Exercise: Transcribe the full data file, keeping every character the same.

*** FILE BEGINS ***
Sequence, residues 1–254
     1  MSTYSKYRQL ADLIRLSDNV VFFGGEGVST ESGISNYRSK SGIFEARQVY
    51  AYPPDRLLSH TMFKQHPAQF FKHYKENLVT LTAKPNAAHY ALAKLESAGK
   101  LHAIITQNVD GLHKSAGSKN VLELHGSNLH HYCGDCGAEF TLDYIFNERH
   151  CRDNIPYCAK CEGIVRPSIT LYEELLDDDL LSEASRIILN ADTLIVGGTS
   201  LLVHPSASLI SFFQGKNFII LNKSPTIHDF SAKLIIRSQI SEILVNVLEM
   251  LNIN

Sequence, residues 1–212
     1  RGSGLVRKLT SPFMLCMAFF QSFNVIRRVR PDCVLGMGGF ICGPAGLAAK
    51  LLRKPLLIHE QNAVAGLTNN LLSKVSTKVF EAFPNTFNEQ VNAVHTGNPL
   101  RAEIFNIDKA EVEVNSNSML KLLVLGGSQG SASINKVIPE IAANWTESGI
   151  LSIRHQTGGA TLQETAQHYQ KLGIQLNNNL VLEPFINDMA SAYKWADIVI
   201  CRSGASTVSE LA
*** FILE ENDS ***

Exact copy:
Sequence, residues 1–254
     1  MSTYSKYRQL ADLIRLSDNV VFFGGEGVST ESGISNYRSK SGIFEARQVY
    51  AYPPDRLLSH TMFKQHPAQF FKHYKENLVT LTAKPNAAHY ALAKLESAGK
   101  LHAIITQNVD GLHKSAGSKN VLELHGSNLH HYCGDCGAEF TLDYIFNERH
   151  CRDNIPYCAK CEGIVRPSIT LYEELLDDDL LSEASRIILN ADTLIVGGTS
   201  LLVHPSASLI SFFQGKNFII LNKSPTIHDF SAKLIIRSQI SEILVNVLEM
   251  LNIN

Sequence, residues 1–212
     1  RGSGLVRKLT SPFMLCMAFF QSFNVIRRVR PDCVLGMGGF ICGPAGLAAK
    51  LLRKPLLIHE QNAVAGLTNN LLSKVSTKVF EAFPNTFNEQ VNAVHTGNPL
   101  RAEIFNIDKA EVEVNSNSML KLLVLGGSQG SASINKVIPE IAANWTESGI
   151  LSIRHQTGGA TLQETAQHYQ KLGIQLNNNL VLEPFINDMA SAYKWADIVI
   201  CRSGASTVSE LA